Most Active Stories
- How Miami's Shrewd Black Leadership Turned The Mandela Snub To Local Advantage
- Miami Muralist's Walls Brighten Art Week With Local Color
- Now You See It, Now You Don’t: Wynwood’s Evolving Street Art
- Gentrification Film Shown In Wynwood Just Before Basel Madness
- Mandela, Castro And The Caribbean Street
Broward Mental Health
Wed October 31, 2012
The Politics Of Mental Health Services In Broward
Dan Christensen of Browardbulldog.org reported last week on some of the interesting characters that were (sort of) part of a privatization deal between the Department of Children and Families and a company in Broward.
DCF put out a bid several months ago to privatize the management of mental health and substance abuse services in Broward County.
A non-profit group called Broward Behavioral Health Coalition eventually won the $45 million deal from DCF.
Christensen tells WLRN that Bob Butterworth, the former head of DCF and a former Florida Attorney General, orchestrated this deal as Broward Behavioral's president.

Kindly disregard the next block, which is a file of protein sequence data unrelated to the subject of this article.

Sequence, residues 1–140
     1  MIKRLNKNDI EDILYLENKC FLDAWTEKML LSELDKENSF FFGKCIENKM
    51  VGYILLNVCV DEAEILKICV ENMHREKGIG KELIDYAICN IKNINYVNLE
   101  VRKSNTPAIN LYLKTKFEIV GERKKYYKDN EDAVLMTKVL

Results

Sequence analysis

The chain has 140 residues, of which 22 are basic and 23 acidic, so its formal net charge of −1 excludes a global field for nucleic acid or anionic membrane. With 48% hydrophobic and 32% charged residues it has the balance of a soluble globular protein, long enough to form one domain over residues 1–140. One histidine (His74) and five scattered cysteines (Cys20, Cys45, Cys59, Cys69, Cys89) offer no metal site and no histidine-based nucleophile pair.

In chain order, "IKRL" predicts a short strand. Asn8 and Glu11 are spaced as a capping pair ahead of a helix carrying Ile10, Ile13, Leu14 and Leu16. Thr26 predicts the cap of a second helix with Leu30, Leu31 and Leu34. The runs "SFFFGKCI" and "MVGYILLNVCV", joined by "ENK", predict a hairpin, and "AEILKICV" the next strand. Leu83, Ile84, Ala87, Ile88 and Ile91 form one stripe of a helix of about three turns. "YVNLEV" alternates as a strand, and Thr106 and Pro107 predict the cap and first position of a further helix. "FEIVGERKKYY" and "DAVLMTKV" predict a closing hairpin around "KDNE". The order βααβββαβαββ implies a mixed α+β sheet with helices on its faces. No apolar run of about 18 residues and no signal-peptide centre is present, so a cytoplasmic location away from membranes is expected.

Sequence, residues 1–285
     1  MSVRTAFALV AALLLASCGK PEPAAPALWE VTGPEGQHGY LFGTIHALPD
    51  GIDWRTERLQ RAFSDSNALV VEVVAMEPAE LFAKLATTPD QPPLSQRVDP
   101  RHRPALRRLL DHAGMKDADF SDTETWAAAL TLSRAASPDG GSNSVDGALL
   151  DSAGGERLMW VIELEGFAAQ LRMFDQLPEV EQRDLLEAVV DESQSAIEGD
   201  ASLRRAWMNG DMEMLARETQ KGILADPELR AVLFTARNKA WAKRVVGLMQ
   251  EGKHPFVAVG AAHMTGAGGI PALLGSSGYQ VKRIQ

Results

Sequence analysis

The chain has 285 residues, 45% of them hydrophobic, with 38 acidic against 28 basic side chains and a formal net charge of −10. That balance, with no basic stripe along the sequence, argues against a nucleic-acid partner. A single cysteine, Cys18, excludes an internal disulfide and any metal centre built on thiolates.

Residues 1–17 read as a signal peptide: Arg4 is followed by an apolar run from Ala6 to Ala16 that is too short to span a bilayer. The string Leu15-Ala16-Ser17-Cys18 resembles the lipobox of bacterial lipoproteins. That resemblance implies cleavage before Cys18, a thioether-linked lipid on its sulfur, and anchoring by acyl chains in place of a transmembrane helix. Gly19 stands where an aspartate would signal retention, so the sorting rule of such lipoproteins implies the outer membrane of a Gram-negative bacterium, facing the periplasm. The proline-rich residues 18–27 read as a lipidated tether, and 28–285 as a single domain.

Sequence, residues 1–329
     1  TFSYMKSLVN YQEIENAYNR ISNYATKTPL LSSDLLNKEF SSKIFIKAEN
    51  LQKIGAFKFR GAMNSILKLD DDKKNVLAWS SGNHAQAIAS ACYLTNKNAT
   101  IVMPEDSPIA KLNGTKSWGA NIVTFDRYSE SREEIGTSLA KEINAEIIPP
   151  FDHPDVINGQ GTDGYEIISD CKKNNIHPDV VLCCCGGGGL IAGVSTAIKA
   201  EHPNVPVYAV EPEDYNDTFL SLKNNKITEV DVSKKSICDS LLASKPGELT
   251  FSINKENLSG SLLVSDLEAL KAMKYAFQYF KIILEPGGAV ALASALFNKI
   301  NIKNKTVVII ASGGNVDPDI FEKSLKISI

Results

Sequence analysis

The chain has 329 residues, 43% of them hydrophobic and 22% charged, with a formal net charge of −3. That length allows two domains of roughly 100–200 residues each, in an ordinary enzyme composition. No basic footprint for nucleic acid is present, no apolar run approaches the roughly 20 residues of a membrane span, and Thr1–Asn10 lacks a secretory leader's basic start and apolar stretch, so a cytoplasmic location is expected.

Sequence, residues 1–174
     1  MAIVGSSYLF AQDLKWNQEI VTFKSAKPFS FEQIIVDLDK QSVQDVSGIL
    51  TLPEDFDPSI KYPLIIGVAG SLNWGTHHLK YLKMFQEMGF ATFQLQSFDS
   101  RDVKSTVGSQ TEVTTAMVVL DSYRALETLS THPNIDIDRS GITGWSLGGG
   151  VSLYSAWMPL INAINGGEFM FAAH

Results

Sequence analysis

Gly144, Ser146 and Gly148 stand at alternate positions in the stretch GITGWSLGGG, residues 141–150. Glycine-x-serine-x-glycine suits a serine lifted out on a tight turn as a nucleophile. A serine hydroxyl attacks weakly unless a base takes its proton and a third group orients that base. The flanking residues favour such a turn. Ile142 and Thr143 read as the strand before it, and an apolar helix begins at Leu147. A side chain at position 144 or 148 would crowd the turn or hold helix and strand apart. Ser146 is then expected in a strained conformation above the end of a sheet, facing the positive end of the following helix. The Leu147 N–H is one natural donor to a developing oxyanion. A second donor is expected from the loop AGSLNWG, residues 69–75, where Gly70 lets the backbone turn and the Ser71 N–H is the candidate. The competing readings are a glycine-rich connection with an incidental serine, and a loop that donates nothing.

But he also says there was another silent partner that could benefit from this deal.
Broward Behavioral has a for-profit partner called Concordia Behavioral Health of Miami.
According to Christensen and BrowardBulldog.org, Miguel Fernandez, a shareholder for Concordia, gave $125, 000 to Gov. Rick Scott's political action committee, Let's Get to Work, while Broward Behavioral's bid was being considered in January.
"He gave $125,000 to 'Let's Get to Work, personally," Christensen says. "And then he and his company contributed $625,000 gave to Let's Get to Work since September 2010. He's also been a big contributor on the national level."
Christensen says that Miguel's mental health companies have given a million dollars to a Super PAC supporting Mitt Romney.
According to the article featured on BrowardBulldog.org,
“It sounds like maybe Gov. Scott is running Florida like a business – doing business with his friends, said Katy Sorenson, head of the Good Government Initiative at the University of Miami.
“It smells, and it’s not the way to encourage public confidence in the process. Even if it’s legal it doesn’t make it right,” she said.
Bob Sharpe, president of the Florida Council for Community Mental Health and a critic of how the contract was awarded, said, “I think we now need to know more. I’m not necessarily going to tie (Fernandez’s) contribution to his participation in the plan…That’s kind of like business as usual.”
Some have been critical of DCF's move to privatize mental health services in Broward since the idea was first proposed.